Want to set benchmarks for your team and agency around utilization? You’d then add delivery/billable expectations and time off / holidays to that grid and model out your capacity and utilization targets for the team.
Want this exact payroll grid template? It’s included for free in our Agency Profitability Toolkit:
Defining What Makes a Project ‘Risky’
In order for you to set about maintaining predictable projects, you first need to define what risky projects entail. What are the red flags, the things you should be looking out for when clients approach your agency? Firstly, be aware of ‘hustle fever’…
“It’s the beginning of the year. We’re trying to get projects in the door because we’re not quite sure what we’re going to be doing. The agency hasn’t got enough work, so we’re just trying to. Just trying to win contracts, whatever it takes… What we’re trying to do is create clarity.”
You can create “project predictability” by taking a step back and asking yourself these questions…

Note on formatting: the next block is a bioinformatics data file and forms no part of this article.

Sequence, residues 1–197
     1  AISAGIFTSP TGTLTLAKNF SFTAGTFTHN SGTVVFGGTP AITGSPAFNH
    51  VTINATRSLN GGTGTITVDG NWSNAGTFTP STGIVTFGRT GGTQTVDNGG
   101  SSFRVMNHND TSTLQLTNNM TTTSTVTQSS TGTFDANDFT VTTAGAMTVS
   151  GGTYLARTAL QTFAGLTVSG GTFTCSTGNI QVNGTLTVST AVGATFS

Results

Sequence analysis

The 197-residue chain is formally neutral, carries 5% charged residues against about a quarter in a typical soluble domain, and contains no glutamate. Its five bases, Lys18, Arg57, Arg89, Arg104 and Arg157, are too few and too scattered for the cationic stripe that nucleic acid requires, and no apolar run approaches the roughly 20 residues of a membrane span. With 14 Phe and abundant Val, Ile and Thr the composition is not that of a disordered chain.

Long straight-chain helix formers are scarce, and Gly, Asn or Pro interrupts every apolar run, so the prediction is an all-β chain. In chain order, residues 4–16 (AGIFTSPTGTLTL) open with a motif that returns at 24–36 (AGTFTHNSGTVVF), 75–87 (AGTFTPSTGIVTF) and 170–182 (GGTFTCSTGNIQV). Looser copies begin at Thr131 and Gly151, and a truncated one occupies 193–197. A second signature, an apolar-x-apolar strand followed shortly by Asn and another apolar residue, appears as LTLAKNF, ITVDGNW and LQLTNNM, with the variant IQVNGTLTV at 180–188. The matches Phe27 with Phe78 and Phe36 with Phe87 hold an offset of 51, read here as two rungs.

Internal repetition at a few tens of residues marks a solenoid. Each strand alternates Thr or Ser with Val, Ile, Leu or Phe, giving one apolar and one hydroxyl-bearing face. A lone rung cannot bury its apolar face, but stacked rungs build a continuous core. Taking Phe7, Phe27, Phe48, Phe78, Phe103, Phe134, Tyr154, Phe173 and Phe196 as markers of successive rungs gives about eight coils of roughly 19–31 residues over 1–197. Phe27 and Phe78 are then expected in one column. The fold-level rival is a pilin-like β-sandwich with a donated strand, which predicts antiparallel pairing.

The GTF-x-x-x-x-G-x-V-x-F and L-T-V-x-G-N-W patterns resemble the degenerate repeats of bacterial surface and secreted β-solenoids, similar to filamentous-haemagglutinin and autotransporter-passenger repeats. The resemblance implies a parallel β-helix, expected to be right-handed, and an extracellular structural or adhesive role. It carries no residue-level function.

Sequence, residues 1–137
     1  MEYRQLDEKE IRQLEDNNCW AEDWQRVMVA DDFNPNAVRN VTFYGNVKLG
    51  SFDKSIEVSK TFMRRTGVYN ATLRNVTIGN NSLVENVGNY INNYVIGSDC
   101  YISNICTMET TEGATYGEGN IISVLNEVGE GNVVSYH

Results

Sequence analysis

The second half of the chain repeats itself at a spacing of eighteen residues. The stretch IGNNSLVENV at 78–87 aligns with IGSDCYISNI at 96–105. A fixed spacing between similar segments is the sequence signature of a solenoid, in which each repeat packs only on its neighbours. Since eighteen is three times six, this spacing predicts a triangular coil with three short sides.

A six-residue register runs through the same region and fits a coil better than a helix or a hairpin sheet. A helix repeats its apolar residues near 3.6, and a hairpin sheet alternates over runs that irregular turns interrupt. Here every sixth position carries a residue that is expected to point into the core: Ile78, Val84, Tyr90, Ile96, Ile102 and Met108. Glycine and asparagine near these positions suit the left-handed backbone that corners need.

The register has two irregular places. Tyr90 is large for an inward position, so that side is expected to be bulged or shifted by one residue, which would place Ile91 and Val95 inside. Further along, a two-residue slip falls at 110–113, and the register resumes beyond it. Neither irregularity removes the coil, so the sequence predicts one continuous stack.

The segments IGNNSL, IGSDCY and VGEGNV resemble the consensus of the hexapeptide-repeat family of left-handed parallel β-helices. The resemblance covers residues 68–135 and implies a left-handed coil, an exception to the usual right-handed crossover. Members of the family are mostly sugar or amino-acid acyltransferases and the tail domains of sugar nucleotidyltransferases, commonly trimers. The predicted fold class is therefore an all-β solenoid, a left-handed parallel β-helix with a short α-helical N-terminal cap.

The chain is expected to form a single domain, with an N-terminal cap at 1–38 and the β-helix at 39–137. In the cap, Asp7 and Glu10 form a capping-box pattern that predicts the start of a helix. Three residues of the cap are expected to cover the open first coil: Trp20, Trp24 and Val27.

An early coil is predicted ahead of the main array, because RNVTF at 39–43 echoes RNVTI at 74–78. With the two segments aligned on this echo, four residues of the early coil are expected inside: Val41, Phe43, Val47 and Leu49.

- Does this project seem a good fit?
- If so, does the client have the required budget?
- Is there an appropriate timeline in which to deliver?
You can always start a project without clear goals, objectives, or a defined brief but you run the risk of mismanaged expectations on the behalf of your client. To remedy this, have ‘Statement of Work’ outlining timelines, line items as part of your Planning Phase.
***More on this from 10:37 minutes***
Levers You Should be Looking to Pull to Minimize Risk
If you’re in a situation whereby you’ve got projects coming into your agency; what are some of the big levers that we should be looking to pull as owners, or project managers, to decrease that level of risk?
Ben is a firm believer in project management being a strategic endeavour. As Scrum Master, he often finds himself talking about spikes, whereby he allocates a set amount of time to investigate a problem and define a solution. This helps to increase certainty.